All the tweets from yesterday is only 27,000 tweets to process. And yet it's going to take my machine for more much more than four minutes to do that. Now,
clearly, IBM has a lot more resources and, and power and systems and stuff to throw at the problem, then a person with their laptop, but just even thinking about trying to architect the system for to solve the problem of can you a machine respond intelligibly to English two questions and and for the human audience to listen to and go okay I get what they're saying
is incredible feat.
If you want to catch some videos, though they're on my Twitter timeline.
It was amazing in that it did a credible job. At no point was I listening to project debate going on sound like Ward and salad, what the heck happened there, which is a very real possibility. When you're doing natural language processing, you may get a piece of it.
What happened there? That's clearly not right.
And so the fact that
I only heard one clear error and it was more of a parsing error than anything else was was amazing. And the other thing was that it was very creative and it speech it opened it to a bottle with what was fairly close to an ad hominem attack which again is not something that you would expect a machine to do
so it really does open your eyes to what is possible with the technology now if IBM has been several years and a lot of money and a lot of system time on this that clearly this is not a technology that is going to be commercially available tomorrow
nor is it something that you know you will not expect your project debater monolith to appear in your office to argue with you but it definitely has potential to eventually be that the type of interface that you would want as a frontline it.
We talked a lot about in market like things like chat bots and stuff. And they were very primitive compared to what a true natural language generation system does. But seeing this on stage, and being able to debate effectively with a human
means that eventually we will see this technology appear
in the workplace and having it you imagine having a system that can intelligently understand quickly craft responses, especially if it's trained them to a very specific domain, like your customer service, and then reply intelligently
would be a massive
benefit to company's marketing, customer service and even sales. I mean, if if the machine can understand a parse language on a sales call and be able to intelligently respond with maybe its features, maybe its benefits, but maybe it's just Hey, this is an option for you. That's huge. That's incredibly huge for the
able to improve,
improve against the performance of the worst performing humans. There will always be room at the table. I believe for the top people, the top person, the best salesperson, the best marketer, the best customer service person, they will, they will always be at the table for the best, they will not be at the table for the bottom 20%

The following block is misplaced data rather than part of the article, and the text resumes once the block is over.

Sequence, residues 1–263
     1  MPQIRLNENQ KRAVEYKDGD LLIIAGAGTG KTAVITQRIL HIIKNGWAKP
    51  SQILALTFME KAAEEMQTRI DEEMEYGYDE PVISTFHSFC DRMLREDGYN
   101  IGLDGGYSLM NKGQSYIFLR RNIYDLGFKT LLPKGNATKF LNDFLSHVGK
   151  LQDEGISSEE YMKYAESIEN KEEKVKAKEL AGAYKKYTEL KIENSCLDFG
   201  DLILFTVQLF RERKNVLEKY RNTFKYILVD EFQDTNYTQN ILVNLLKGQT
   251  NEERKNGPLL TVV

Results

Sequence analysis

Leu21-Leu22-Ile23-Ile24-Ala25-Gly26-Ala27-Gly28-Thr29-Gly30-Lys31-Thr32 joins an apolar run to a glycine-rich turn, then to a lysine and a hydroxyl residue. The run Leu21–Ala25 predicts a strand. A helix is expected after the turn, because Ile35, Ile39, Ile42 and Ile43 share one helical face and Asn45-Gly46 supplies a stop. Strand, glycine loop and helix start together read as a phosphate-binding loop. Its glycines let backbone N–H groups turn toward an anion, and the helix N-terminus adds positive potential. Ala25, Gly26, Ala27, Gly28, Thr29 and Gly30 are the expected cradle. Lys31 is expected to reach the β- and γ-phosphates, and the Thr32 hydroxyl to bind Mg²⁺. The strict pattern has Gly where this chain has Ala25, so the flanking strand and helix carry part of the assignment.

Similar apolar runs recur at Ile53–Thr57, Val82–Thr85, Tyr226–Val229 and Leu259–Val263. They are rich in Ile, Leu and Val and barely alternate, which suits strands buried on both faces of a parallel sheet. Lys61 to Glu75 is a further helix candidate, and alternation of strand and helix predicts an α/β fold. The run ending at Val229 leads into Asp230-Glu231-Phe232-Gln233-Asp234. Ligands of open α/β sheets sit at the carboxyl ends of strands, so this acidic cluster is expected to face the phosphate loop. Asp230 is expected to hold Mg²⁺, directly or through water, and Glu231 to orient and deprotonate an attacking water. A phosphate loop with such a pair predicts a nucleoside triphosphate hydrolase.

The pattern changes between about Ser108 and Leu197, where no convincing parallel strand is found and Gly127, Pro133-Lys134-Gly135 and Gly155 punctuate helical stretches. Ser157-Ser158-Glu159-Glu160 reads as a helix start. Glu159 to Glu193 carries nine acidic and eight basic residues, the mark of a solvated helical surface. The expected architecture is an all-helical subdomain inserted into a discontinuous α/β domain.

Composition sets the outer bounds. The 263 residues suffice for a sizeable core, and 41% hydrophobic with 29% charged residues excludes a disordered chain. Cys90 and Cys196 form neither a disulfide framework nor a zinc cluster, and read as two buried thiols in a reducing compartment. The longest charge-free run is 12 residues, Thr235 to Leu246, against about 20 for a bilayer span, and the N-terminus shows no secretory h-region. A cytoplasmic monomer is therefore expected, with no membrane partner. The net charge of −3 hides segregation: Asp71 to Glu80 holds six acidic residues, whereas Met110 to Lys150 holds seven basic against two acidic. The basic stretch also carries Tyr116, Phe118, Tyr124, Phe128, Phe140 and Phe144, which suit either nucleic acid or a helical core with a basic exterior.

a machine can do that job. A machine can give you a
pretty good experience. And if you're terrible and the machine is pretty good
companies will use the machine. So it is a call to action for the humans to level up their skills and whatever your profession is, level up your skills and as a call to action for folks who are looking to deploy systems to solve bombs and to improve that bottom 20% of your performance and whatever your discipline is to
to embrace this stuff and and start
aren't using it as start experimenting and building the system is going to take time to build a system that's tuned well for your company but the rewards will be worth it. So on tap today I'm speaking on cognitive marketing and a bunch of other things so I hope you a chance to follow along follow my handle on the trust insights handle both on Twitter and Instagram was sharing some content there and look forward to to what today brings what what we can learn today. Thanks for watching. As always, please subscribe to the YouTube channel and the newsletter and I'll talk to you soon What help solving your company's data analytics and digital marketing problems. This is trust insights.ai today and let us know how we can help you
You might also enjoy:
- You Ask, I Answer: Creating Content for Search Engines?
- Best Practices for Public Speaking Pages
- How To Start Your Public Speaking Career
- How To Set Your Consulting Billing Rates and Fees
- Almost Timely: The 2020 Essays
Want to read more like this from Christopher Penn? Get updates here:
Get your copy of AI For Marketers